complexity to ensure fluency success.
   d. "What if Questions" - This task requires that the child propose
      answers to certain hypothetical situations requiring language
      reasoning skills ("What would you do if you saw smoke coming 
      out of a building?")
   e. Books with no words - These are especially effective for the 
      very young child and the dysfluent child who is exhibiting delays
      in reading development. 
   f. Reading Riddles, short poems - For some children who stutter, 
      reading may be a fluency facilitating task.  Reading materials 
      which incorporate predictable rhyme patterns can assist in 
      learning how to phrase when speaking.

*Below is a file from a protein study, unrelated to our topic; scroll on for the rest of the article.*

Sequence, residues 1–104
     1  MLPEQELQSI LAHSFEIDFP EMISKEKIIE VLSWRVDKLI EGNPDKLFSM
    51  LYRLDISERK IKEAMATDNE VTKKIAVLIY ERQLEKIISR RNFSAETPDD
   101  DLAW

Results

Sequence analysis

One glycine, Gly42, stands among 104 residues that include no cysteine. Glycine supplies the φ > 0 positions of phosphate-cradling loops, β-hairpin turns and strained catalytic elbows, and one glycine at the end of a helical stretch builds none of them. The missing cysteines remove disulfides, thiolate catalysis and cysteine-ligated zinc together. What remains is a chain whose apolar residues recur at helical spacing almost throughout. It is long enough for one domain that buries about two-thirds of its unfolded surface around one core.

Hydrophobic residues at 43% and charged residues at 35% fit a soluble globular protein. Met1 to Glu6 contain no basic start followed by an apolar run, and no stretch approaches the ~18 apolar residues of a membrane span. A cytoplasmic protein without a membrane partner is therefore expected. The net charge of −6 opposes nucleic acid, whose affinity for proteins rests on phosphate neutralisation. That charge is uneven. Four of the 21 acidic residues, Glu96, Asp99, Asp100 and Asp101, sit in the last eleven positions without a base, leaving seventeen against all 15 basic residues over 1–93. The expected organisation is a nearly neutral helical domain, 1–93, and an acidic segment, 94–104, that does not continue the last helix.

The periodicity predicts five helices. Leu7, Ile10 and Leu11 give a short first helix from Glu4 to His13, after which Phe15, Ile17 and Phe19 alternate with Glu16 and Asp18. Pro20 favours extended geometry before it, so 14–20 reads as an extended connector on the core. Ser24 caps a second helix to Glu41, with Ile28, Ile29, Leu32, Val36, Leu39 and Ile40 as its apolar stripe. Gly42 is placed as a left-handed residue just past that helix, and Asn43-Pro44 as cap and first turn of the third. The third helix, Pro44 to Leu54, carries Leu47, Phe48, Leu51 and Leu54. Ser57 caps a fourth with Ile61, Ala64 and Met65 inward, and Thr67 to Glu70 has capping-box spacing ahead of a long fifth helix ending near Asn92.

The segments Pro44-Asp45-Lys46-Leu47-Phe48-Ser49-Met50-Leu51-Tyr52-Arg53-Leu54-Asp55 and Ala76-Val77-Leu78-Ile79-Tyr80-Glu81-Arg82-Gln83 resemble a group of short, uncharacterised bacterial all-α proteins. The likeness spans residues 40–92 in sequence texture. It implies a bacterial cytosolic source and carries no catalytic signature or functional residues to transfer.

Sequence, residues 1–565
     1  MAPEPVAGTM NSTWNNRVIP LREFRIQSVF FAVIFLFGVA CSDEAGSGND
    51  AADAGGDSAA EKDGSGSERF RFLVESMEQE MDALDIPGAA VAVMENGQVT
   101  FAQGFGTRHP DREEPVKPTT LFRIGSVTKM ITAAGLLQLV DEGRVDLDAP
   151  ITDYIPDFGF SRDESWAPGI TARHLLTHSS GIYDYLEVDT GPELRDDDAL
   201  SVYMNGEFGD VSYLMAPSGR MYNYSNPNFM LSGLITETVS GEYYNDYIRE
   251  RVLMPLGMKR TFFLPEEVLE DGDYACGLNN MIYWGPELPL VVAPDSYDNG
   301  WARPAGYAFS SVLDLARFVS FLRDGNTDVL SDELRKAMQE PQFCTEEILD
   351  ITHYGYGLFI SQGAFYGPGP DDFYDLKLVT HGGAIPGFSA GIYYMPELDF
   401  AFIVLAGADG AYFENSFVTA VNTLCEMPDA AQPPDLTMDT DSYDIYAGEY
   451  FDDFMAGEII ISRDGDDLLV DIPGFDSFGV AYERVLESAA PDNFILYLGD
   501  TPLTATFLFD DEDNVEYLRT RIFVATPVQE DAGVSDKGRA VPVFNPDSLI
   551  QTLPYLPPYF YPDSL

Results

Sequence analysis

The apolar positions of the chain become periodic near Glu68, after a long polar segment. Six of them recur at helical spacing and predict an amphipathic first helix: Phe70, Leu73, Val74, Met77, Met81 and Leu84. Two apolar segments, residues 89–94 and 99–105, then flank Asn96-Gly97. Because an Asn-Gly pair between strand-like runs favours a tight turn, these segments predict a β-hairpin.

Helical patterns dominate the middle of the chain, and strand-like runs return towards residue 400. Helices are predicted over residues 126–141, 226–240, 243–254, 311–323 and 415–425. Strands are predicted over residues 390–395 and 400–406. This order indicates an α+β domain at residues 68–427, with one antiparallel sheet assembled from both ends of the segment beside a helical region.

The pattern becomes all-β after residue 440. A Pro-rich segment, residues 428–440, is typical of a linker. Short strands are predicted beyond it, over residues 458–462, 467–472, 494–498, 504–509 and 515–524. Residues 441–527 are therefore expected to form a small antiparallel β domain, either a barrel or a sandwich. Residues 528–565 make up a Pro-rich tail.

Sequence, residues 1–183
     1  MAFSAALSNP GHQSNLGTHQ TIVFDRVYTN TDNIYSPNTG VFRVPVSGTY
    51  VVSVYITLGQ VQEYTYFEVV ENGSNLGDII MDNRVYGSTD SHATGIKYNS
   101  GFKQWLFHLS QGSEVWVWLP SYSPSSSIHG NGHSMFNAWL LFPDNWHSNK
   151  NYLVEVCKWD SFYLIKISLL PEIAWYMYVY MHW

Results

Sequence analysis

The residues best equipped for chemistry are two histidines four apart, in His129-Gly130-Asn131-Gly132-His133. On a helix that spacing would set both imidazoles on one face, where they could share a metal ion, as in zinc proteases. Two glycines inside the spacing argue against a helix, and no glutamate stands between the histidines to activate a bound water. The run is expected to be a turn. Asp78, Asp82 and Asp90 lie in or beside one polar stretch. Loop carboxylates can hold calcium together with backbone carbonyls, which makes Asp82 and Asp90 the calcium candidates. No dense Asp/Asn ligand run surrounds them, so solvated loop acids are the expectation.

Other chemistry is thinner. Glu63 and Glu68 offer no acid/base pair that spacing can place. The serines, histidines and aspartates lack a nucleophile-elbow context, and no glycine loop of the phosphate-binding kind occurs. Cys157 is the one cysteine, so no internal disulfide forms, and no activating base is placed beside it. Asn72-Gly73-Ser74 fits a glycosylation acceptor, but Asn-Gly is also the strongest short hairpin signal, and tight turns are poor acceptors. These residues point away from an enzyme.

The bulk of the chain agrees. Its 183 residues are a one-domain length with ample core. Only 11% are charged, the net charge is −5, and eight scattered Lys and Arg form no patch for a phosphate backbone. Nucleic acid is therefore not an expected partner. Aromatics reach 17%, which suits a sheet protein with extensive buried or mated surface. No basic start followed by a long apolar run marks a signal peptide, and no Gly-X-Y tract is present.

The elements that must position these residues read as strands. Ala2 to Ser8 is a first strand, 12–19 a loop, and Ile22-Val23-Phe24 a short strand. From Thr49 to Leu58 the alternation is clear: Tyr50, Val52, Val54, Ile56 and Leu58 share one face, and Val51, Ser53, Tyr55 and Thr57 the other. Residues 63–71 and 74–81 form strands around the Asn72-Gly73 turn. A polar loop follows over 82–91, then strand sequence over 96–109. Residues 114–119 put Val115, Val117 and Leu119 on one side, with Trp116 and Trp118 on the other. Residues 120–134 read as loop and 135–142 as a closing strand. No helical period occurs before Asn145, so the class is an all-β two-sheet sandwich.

g. Felt board stories - These are common everyday stories which most
      children know.  Linguistic complexity is easily manipulated with 
      this type of material.  
   h. "All About Me Books" - Becoming more personal adds complexity to
       this sentence/story task.  
   i. "Retell the Story" - Incorporating Rebus type stories in which 
      the child retells a story facilitates ease in language formulation
      and linguistic complexity necessary for fluent speech production.
   j. Giving directions - Obtain a variety of shapes or small objects,
      two of each.  One set is for the child and one set is for the 
      clinician.  A barrier is needed to put between the clinician and
      the client.  The clinician will ask the client to describe, in 
      detail, sentence by sentence how to place the shapes or objects
      Either a time limit or a certain number of sentences should be